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What pushed Kenya into Somalia?
On a sweltering afternoon nearly a month after the Westgate attack, a lone policeman at the Ngaremara barrier five kilometres away from Isiolo town barely glanced as a vehicle slalomed through the security check.
Shimmering in the sun, Isiolo is a dusty trading town three streets deep on both sides of the new highway. Tour vans stop there for supplies before entering the wildlife parks.
In the centre of the country, Isiolo is a Kenyan crossroads: Muslims come down from the north; Christians arrive from the south; then from all angles come the pastoralists, highland farmers, refugees and immigrants.
In the car, the conversation had turned to the price of guns and mbuzis.
In Kiswahili, mbuzi means goat, but it is also slang for illegal immigrants – Ethiopian and Somali nationals looking for a way into southern Kenya and beyond.
Mbuzi is the word shared by human traffickers and the policemen they bribe to get them past the security checks.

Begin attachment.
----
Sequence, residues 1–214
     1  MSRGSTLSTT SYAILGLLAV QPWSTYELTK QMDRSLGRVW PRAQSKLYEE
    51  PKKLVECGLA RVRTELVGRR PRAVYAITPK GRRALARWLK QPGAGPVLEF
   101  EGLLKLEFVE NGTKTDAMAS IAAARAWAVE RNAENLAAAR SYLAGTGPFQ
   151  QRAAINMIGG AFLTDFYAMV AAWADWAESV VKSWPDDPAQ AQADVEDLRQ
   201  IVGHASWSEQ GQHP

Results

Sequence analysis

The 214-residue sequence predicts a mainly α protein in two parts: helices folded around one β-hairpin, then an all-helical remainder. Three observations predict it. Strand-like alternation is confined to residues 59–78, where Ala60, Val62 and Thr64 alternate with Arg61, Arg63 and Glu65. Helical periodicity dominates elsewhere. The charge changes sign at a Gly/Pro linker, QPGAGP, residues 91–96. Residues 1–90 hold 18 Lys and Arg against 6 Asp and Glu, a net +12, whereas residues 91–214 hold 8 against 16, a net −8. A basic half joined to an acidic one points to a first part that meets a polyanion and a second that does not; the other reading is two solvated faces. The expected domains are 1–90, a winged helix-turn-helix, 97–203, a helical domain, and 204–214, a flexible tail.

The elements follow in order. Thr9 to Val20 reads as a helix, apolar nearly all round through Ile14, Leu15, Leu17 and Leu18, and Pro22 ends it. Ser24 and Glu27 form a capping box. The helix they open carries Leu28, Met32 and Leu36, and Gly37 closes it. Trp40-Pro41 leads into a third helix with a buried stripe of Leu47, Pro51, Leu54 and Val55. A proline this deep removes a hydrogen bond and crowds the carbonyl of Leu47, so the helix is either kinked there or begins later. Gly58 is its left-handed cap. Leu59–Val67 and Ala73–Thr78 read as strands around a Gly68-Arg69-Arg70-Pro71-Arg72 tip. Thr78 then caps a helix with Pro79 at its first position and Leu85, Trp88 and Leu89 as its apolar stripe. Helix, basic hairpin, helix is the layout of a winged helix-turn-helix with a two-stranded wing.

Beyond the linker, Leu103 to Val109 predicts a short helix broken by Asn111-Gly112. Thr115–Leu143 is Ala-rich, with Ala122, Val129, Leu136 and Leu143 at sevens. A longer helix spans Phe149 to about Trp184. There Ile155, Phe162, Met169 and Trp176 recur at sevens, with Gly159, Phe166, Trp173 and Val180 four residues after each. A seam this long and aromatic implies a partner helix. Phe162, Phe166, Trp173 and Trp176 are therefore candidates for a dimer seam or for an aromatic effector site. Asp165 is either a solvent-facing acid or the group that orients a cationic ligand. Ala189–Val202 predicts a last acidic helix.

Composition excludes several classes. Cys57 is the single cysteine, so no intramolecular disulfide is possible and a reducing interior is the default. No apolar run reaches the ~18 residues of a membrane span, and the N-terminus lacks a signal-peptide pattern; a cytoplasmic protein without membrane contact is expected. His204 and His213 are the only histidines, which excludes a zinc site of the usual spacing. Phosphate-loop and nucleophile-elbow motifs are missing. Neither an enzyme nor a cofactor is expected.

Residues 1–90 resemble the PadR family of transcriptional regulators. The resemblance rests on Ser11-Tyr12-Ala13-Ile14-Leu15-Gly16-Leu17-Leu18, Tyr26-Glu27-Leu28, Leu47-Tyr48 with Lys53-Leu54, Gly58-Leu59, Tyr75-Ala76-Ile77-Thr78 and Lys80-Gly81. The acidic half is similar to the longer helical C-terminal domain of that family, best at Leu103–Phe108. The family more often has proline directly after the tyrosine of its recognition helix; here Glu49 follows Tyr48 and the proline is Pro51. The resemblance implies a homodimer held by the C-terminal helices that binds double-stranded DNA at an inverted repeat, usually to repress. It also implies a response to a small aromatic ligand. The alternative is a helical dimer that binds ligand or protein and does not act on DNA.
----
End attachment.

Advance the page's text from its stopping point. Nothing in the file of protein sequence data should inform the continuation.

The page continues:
The going price was KSh1,000 ($12) per immigrant, per security checkpoint. At Isiolo town, the traffickers and their vehicles – long-chassis Toyota Land Cruisers, often with seats removed to allow extra crouching space – are well known and operate freely, as do the brokers.
The night before, a broker at a restaurant in town revealed that two consignments of immigrants had arrived.
Gradually, security around the gate- way towns of Isiolo and Garissa was being tightened after Westgate. Samburu herdsmen discovered 63 illegal immigrants hiding in the bush in October.
In Garissa, another gateway town southeast of Isiolo on the highway to the Somalia border, several high-ranking police officers faced allegations of corruption: taking bribes from Somali migrants heading for southern Kenya.
Inspector general of police David Kimaiyo also ordered tougher checks to try to deal with the rot inside the security system.
The thriving trade in mbuzis points to Kenya’s soft underbelly, which jihadist insurgents had been exploiting for years.
A former government administrator in northern Kenya and a local chief both spoke with The Africa Report on strict condition of anonymity.
The former administrator had worked at the Kenya-Ethiopia border for seven years. He had with him a report he had written a few years ago raising concerns about border corruption and how militant Islamist groups had established training bases in Isiolo and Wajir counties.